“I don’t really agree with the commercialization of being vegan because it downplays the importance of it, the substance of it. But it’s also really nice that there are lots of options. I don’t want to talk too negatively, because the more accessible these options are, the more people are likely to look into it. And that’s a step towards change, maybe a step towards a plant-based diet.” For Stephanie Strowbridge, owner of Moxie Beauty & Hair Parlor, veganism is a way of life personally and professionally. Vegan since 2008, she has witnessed the evolution of the food scene in GR firsthand.

“When I first moved here, I was still figuring out where I could eat, asking people, and Gaia and Marie Catrib’s were pretty much it,” says Strowbridge. Well-known spots in East Hills that were around long before the Vegan Revolution, these were the first of many places to come. Since then, increased awareness about the health benefits of plant-based foods and an understanding of the ecology of place have made vegan choices plentiful on restaurant menus around town, but there are some spots that stand above the rest.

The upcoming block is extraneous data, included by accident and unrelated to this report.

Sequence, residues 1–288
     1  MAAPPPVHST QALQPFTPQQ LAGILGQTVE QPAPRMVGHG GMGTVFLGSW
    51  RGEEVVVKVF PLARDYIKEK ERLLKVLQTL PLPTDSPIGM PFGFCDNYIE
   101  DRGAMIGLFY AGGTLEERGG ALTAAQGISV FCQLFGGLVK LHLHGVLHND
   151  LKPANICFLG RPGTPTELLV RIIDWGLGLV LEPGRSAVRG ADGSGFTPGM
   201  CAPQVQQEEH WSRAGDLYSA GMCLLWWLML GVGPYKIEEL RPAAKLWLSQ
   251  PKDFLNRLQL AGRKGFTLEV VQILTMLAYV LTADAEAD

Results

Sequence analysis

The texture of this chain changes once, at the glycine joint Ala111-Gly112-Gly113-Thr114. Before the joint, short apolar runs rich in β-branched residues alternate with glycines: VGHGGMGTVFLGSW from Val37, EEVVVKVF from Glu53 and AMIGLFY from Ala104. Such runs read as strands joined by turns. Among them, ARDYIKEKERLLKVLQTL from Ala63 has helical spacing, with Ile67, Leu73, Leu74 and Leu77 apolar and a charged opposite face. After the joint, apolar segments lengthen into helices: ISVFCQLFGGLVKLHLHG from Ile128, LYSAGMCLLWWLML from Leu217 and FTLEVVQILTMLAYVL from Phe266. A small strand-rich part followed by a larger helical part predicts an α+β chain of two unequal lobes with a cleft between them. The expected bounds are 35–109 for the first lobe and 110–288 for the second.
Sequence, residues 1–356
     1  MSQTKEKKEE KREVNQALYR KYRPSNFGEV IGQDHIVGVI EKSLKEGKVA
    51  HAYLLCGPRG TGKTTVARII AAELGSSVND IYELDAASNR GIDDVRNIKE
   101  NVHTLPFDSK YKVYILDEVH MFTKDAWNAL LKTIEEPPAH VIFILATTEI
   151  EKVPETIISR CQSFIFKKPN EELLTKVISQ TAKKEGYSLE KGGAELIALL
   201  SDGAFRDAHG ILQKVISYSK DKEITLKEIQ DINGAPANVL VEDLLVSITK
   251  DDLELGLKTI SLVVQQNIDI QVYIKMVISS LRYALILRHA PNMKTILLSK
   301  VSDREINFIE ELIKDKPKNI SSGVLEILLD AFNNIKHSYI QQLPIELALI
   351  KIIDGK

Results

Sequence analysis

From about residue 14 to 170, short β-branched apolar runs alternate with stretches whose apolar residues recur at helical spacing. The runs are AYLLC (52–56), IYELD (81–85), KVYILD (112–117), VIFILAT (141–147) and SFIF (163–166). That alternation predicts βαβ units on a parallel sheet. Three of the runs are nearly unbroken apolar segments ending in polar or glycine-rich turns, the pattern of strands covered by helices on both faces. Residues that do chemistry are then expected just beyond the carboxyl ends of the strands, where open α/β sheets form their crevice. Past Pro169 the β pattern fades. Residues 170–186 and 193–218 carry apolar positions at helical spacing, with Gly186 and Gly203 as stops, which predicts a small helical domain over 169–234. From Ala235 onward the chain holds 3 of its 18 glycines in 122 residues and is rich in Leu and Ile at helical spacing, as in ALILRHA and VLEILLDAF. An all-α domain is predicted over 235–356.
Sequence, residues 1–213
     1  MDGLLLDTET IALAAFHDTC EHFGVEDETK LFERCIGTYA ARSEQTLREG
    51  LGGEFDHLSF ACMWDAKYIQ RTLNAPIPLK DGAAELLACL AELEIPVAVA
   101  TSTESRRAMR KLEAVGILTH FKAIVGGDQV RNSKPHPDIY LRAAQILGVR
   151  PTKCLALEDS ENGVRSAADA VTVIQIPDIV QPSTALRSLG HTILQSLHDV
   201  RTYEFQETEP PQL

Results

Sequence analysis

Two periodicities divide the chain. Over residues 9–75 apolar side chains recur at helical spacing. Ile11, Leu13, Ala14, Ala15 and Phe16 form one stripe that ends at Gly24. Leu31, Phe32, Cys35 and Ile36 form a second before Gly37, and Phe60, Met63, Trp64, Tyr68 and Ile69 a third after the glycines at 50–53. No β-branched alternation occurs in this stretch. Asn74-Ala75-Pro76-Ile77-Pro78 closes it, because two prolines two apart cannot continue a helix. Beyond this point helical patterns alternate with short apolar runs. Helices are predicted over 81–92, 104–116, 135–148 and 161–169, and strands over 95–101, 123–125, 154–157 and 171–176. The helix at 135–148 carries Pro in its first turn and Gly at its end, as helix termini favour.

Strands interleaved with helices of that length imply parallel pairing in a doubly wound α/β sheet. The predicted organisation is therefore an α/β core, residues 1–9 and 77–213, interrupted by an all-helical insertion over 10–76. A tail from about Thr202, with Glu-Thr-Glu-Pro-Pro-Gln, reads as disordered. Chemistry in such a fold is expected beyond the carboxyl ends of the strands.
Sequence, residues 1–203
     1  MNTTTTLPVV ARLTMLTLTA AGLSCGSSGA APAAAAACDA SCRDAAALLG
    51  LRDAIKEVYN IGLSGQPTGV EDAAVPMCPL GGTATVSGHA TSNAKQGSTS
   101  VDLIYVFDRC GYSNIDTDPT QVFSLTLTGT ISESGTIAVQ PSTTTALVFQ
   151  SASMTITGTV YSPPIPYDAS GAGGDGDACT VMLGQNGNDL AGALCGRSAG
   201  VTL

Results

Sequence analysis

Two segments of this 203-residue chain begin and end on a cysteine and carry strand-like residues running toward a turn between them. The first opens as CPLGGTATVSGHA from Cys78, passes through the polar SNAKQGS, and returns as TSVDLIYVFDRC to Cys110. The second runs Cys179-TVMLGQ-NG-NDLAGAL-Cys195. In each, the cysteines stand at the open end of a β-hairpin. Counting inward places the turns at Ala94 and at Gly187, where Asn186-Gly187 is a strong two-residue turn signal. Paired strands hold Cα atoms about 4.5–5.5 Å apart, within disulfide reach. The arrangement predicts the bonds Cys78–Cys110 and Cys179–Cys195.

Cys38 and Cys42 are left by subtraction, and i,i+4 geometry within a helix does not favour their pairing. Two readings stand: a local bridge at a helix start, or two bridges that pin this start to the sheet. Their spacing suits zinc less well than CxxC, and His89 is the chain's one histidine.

Eastown has an abundance of little gems tucked in between the bars on Wealthy Street. The unique building with the intricately carved and decorated door leads you into Chez Olga. A favorite among Eastowners, Chez Olga is Haitian-inspired food made from scratch. Items on the menu can be modified to be vegan, and many options already are, like the accra, a deep-fried root vegetable served with strawberry dip, or their vegetable soup, with a thick, veggie-rich broth and a little kick.
 
Another Eastown hidden treasure is GoJo Ethiopian Cuisine. GoJo, like many other ‘ethnic’ spots in GR, didn’t set out with vegan in mind when developing a menu. Many of their items just are, partly because of cultural and religious influences -- and maybe because of a greater connection with the natural environment that America-at-large seems to lack. GoJo makes traditional Ethiopian food like Misir Wat, lentils spiced with berbere, and Gomen, heavily spiced and flavorful collard greens. These are served piled on top of injera, a flat, spongy bread that is both your plate and utensil.